I assumed it was a mix. Wow. Love the recipe. Those cookies divine. Thanks for sharing, Cleo!

  7. Replies to...

    @Elizabeth - Thanks for the kind words. Oh, I hope your daughter enjoys watching Santa make his rounds. Norad does a fantastic job with little videos and reports. It gets better every year. :)

    @Laineshots - This is one recipe where you can really make the spice mix your own. If you end up baking them with Laine's own chile-peppery twist, I'd love to know what you do and how it turns out.

    More replies to come...

    ~ Cleo
    Coffeehouse Mystery.com
    Cleo Coyle on Twitter

  8. Oh, I love pffernusse! Haven't been able to buy any locally since Safeway went out of business in our area of the boonies 10 or 15 years ago. I tried making them once with an elaborate recipe & wasn't pleased with the results, so I'm happy to have your easier version! Thanks for reminding me of these delicious treats, Cleo!

    Julie, "Grandma's" brand of molasses is the most common found in the grocery stores, and it's unsulphured. It's the finest quality for baking, the first boiling of the sugar cane. Hope that helps.

    Merry Christmas!

  9. Replies to...

    @Julie - Oh, you made my day! I'm thrilled and delighted the pfeffernusse recipe brought back good memories for you. :) I grew up with lots of Italian Christmas cookies, of course, and some of those recipes have made their way into my mysteries. But I also grew up in Western PA, where many different European immigrants settled, and I fell in love with their foods, as well. I've always associated gingerbread and its many incarnations with Christmas, so this was one recipe I really looked forward to posting. I hope you and your family enjoy it.

    To answer you Q about blackstrap - Here's the deal. Molasses is juice from a sugar cane plant that’s been boiled down to concentrate it. The first and second boiling give you the sweetest versions of the product. The third boiling gives you blackstrap, which is less sweet in taste, even somewhat bitter.

    In my opinion, blackstrap is just fine in things like BBQ sauce and chili but not in desserts or baked goods like this one. I know some bakers do use blackstrap in cookies and such, but I think it ruins the flavor. (For me, it carries a medicinal tinge.)

    I’m with Lynn in Texas, BTW. (Thank you, Lynn!) Grandmother’s brand “gold standard” Original Molasses is what I use.

    On the unsulphured thing. Most molasses that you see in grocery stores will be unsulphured (or unsulfured as an alternate spelling). As I understand it: Unsulphured means your molasses came from mature sugar cane – a good thing. In sulphured molasses, sulphur dioxide is added in the production process to help extract juice from sugar cane that was not mature but still very young and green. BTW, you know I'm the queen of typos so no worries on the its it's: Gak is my middle name.

    Have a great holiday week with you family, Julie! May you all feast with joy!

    ~ Cleo
    Coffeehouse Mystery.com
    Cleo Coyle on Twitter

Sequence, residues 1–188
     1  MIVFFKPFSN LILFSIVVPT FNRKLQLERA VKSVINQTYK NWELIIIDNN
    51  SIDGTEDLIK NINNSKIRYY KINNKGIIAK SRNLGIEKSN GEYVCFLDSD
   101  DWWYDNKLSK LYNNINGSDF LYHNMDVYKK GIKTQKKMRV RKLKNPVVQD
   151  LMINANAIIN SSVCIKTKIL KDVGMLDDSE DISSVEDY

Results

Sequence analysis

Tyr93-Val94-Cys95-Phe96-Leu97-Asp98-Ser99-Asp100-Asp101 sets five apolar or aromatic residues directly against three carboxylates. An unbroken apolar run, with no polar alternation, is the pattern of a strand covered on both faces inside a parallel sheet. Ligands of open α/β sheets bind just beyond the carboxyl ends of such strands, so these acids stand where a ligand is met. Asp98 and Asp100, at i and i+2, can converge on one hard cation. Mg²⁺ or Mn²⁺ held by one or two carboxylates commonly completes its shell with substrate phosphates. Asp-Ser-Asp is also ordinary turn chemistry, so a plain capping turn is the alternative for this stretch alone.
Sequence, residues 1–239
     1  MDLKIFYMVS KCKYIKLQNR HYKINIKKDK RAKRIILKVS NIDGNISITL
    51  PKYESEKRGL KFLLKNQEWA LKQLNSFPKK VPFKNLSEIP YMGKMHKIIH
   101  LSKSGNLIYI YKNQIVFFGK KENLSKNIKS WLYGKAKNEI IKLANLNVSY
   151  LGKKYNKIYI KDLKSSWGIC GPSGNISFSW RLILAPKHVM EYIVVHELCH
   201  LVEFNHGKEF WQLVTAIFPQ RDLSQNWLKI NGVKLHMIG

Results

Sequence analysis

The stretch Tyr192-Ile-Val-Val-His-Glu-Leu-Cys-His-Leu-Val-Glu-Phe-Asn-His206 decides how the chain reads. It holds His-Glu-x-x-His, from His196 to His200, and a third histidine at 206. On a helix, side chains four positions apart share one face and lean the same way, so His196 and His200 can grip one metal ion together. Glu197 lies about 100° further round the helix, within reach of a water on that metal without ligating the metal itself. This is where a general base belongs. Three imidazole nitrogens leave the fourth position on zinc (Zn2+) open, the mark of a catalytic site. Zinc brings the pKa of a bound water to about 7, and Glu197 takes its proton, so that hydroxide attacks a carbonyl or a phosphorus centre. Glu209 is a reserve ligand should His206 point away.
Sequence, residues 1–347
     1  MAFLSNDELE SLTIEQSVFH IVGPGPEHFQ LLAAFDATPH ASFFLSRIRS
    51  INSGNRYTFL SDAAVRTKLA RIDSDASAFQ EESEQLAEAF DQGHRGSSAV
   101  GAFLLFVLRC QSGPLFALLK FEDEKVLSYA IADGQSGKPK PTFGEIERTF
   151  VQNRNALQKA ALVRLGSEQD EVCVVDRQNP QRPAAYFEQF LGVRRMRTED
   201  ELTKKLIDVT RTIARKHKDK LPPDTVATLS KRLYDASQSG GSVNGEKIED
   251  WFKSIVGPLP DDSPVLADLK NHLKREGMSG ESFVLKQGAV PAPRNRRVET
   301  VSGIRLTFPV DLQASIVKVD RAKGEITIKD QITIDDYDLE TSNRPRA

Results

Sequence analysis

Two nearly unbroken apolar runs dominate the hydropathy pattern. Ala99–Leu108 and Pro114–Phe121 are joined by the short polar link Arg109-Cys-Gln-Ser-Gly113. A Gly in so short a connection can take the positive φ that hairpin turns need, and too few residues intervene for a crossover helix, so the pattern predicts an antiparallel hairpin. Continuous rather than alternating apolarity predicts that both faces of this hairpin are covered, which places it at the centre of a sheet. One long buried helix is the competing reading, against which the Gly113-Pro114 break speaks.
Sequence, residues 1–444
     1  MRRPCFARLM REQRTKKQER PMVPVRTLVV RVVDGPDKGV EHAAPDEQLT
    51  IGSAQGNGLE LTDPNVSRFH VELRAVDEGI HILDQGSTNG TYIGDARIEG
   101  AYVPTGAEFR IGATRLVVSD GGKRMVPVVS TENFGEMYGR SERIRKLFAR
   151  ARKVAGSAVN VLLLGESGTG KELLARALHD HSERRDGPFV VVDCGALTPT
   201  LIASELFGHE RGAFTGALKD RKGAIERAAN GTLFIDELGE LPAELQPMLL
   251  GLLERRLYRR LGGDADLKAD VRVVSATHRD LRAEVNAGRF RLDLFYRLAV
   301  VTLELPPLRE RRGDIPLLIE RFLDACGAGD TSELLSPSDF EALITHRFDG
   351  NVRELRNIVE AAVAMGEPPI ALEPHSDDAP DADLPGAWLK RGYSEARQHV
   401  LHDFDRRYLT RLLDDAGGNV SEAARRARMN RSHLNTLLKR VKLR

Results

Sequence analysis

More replies to come...

  10. Replies to...

    @Terry - Eating pfeffernusse IN Germany -- now there's a wondrous excperience. :) I hope your daughter enjoys the recipe!

    @Jenn - Thanks for dropping by! I know this week's got to be crazy for you. I hope you, Chris, and "the hooligans" have a beautiful Christmas.

    ~ Cleo
    Coffeehouse Mystery.com
    Cleo Coyle on Twitter

  11. Replies to...

    @Lynn in Texas - I am absolutely delighted that you'll be trying my take on this classic cookie! I hope you enjoy it, and thanks for jumping in on the molasses discussion. I completely agree with you on Grandmother's brand. I use it, too, and love it. Merry Christmas, Lynn!

    @Juju - Thank you! Feliz Navidad, my dear!

    Bake with joy,
    ~ Cleo
    Coffeehouse Mystery.com
    Cleo Coyle on Twitter

  12. These are one of my all-time favorite cookies! I can't wait to make them. What beautiful pictures! Thank you for sharing.

    Merry Christmas!


  13. Cleo,
    Mr. Nanc's mom was a superb baker. She regularly baked over 25 different types of Christmas cookies...beginning on Thanksgiving. Me...not so many ;-) But I always go on a search for pfeffernusse, as it is his favorite of all the ones his mom made!! I can't promise they will be made by Christmas but by the time the ball drops we will have homemade pfeffernusse at Chez Phillipe!!! This may be a good project for Chef Connor and his able assistant Emily!
    Our entire family wishes you and Mar and the kitties a most blessed and joyous Christmas and a wonder filled New Year!

  14. Evidently it's German Christmas week here at MLK! I love cookies with pepper in them. It seems like a weird ingredient for cookies, but that bit of flavor makes such a difference. Love the double dusting, Cleo!

    ~ Krista

  15. Interesting...I just love the recipe and the photos! Thanks for sharing!

  16. the outside look is similar like "kourabiethes" that we cook these days here in Greece!
    you can take a look here -> http://eatgreek.net/2010/12/kourabiethes/
    hehe! Merry Christmas!!! :D

  17. Is unsulphered molasses enough different from blackstrap if someone has problems with blackstrap? If not, what would you sub for it. This recipe appeals to my German heratige and I would love to try it. Also, I would love to see some Celtic (especially Irish) recipes in the future.

  18. Wonderful recipe! My Oma (Swiss grandmother) always made such wonderful cookies such as this for the holidays and now I'm slowly but surely gathering her recipes.. your pfeffernusse looks delicious. Happy Holidays :)

  19. Very excited about this, Cleo -- my grandma couldn't smell (bad adenoid removal when she was young), so she liked *strong* flavors. She made a rock-hard version of this with lots of black pepper ... they were nasty with a capital "N". In honor of her, I'm going to try your more palatable version. :)

  20. Replies to...

    @Nanc - Thank you so much for the beautiful holiday wishes. This recipe is a snap to make. I'll bet Chef Connor (and his lovely assistant Emily) gives you his own twist on the spice mix by the end of the day. Tell CC I was tempted to experiment with white-chocolate glaze for these babies but decided to keep it closer to traditional looking after all. Warmest wishes for a Merry Christmas and Happy New Year to you and your wonderful family.

    ~ Cleo

    More replies to come...